On June 29, 2006, the U.S. Supreme Court ruled (in a 5-3 decision) that President Bush's effort to railroad Guantanamo Bay detainees in kangaroo courts "violates both U.S. law and the Geneva Conventions."

Better late than never, but it took a long time for the U.S. constitutional checks and balances provisions to stop this illegal behavior on the part of the executive branch. The Legal Times quotes David Remes, a partner in the law firm of Covington & Burling, as saying: "At the broadest level, the Court has rejected the basic legal theory of the Bush administration since 9/11 -- that the president has the inherent power to do whatever he wants in the name of fighting terrorism without accountability to Congress or the courts." Perhaps the U.S. court's ruling has more far-reaching implications. Indeed, in finding that George W. Bush was violating the law by not following the Geneva Conventions, the ruling may have created a prima facie case for charges to be filed against him, later on, for war crimes.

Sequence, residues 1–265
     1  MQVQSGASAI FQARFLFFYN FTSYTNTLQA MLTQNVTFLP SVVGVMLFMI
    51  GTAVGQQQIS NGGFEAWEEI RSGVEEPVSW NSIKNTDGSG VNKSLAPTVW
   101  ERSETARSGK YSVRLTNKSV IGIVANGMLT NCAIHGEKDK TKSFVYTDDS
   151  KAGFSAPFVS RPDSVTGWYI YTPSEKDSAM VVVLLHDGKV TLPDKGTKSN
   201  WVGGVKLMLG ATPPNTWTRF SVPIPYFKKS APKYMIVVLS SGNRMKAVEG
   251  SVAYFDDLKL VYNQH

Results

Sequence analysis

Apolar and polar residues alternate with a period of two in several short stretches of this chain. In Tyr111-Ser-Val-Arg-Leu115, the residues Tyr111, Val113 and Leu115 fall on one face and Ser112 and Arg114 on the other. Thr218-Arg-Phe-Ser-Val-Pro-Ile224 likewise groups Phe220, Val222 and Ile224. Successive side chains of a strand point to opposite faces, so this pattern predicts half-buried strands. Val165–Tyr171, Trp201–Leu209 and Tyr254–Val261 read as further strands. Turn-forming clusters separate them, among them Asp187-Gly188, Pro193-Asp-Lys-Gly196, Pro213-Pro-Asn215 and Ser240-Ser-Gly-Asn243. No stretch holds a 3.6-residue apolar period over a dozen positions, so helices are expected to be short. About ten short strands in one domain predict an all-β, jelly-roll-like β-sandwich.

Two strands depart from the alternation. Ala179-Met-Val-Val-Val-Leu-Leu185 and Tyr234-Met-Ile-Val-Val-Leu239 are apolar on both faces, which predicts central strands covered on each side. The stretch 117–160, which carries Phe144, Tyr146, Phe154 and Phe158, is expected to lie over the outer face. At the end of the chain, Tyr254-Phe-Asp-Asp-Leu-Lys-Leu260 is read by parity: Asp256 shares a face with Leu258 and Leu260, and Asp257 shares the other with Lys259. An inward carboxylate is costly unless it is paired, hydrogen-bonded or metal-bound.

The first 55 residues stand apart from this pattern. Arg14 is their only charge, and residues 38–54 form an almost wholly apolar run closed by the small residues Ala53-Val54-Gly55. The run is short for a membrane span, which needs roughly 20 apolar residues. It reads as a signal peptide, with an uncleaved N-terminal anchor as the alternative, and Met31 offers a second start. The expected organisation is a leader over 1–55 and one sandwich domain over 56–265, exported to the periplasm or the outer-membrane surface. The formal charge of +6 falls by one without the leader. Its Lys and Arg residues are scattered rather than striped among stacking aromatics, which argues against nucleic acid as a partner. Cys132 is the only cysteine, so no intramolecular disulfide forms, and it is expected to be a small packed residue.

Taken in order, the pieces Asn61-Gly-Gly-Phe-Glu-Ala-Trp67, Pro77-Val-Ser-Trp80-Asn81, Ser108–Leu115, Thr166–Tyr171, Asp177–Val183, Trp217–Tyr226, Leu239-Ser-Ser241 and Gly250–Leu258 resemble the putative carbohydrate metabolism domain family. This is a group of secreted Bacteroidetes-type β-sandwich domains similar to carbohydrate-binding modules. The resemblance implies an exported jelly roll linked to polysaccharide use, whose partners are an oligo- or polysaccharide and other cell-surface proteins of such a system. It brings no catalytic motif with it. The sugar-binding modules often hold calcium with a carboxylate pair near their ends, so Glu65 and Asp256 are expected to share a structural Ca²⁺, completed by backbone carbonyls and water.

President George W. Bush, as did many politicians before him, must think that he is exempt from the law, as long as he remains protected by his office (the U.S. Constitution grants the president immunity while in office) and as long as he has brute military force on his side. So did Adolf Hitler, . . . for a long while. George W. Bush joked mockingly about international law on December 11, 2003, when he said to an European reporter "International law? I better call my lawyer; he didn't bring that up to me."

But circumstances may change, and the law, after having been kept in check and derided, ultimately succeeds. Especially after he leaves office, George W. Bush could be held criminally responsible for American-initiated war crimes in Iraq, either through an indictment in American courts (which is most unlikely), or through an indictment in some other country's courts which have jurisdiction to try any person who is suspected of having planned, directed or committed crimes against humanity under international customary law, as well as for planning and carrying out crimes against the peace. This is not an hypothetical situation since it is reported that Attorney General Alberto Gonzales is quietly working with senior White House officials and friendly members of Congress to pass new laws to exempt members of the administration from future prosecution. For Americans, it should give food for thought to consider that their leaders, if they were defeated militarily, could be open to prosecution for war crimes.